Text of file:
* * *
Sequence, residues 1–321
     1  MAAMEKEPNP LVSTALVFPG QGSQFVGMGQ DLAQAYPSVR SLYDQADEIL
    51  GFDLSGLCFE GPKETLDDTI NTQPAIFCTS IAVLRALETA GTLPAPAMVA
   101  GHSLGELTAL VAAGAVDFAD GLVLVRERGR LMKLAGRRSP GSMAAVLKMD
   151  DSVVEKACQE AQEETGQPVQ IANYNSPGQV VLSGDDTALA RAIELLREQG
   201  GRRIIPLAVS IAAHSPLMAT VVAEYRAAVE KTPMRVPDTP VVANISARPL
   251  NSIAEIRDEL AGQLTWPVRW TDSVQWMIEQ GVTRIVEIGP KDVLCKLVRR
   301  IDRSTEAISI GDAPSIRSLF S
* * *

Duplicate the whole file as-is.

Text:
Sequence, residues 1–321
     1  MAAMEKEPNP LVSTALVFPG QGSQFVGMGQ DLAQAYPSVR SLYDQADEIL
    51  GFDLSGLCFE GPKETLDDTI NTQPAIFCTS IAVLRALETA GTLPAPAMVA
   101  GHSLGELTAL VAAGAVDFAD GLVLVRERGR LMKLAGRRSP GSMAAVLKMD
   151  DSVVEKACQE AQEETGQPVQ IANYNSPGQV VLSGDDTALA RAIELLREQG
   201  GRRIIPLAVS IAAHSPLMAT VVAEYRAAVE KTPMRVPDTP VVANISARPL
   251  NSIAEIRDEL AGQLTWPVRW TDSVQWMIEQ GVTRIVEIGP KDVLCKLVRR
   301  IDRSTEAISI GDAPSIRSLF S